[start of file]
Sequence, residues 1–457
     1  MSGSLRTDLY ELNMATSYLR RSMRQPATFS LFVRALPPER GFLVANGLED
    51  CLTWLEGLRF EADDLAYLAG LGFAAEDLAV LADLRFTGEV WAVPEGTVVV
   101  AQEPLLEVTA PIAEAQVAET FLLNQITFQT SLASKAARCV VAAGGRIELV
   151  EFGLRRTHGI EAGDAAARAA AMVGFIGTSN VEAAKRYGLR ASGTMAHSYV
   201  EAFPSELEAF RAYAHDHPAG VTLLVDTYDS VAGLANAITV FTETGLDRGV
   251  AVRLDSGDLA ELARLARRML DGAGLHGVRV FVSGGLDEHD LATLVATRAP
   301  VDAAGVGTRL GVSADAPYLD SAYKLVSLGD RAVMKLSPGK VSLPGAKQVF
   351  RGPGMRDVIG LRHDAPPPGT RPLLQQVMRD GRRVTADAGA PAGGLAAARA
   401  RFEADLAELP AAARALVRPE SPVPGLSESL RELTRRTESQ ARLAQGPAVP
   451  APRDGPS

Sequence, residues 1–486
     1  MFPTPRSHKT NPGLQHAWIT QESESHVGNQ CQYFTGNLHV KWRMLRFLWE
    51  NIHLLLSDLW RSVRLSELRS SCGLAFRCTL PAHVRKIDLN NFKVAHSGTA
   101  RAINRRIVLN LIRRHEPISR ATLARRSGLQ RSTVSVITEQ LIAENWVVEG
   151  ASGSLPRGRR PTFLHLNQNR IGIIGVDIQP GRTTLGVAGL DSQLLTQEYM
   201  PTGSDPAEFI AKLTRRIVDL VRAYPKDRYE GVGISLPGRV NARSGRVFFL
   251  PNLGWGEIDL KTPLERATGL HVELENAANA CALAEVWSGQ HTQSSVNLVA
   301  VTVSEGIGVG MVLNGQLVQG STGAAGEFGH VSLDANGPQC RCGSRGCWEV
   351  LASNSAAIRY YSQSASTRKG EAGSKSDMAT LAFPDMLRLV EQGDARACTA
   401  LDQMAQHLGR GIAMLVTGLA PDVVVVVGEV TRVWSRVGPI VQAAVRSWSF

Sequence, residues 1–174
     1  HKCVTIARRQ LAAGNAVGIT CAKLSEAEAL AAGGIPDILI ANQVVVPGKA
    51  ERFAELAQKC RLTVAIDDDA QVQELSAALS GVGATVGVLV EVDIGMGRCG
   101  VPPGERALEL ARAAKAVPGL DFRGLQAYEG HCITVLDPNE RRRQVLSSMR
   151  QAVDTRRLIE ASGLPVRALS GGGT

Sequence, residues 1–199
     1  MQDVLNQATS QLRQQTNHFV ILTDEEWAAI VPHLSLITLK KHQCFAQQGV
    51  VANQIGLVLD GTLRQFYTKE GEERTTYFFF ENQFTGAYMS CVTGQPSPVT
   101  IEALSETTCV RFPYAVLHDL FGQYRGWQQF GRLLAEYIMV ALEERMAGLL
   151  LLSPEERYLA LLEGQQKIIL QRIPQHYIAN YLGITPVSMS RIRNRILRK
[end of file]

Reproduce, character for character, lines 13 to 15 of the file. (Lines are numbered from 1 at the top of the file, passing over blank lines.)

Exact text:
     1  MFPTPRSHKT NPGLQHAWIT QESESHVGNQ CQYFTGNLHV KWRMLRFLWE
    51  NIHLLLSDLW RSVRLSELRS SCGLAFRCTL PAHVRKIDLN NFKVAHSGTA
   101  RAINRRIVLN LIRRHEPISR ATLARRSGLQ RSTVSVITEQ LIAENWVVEG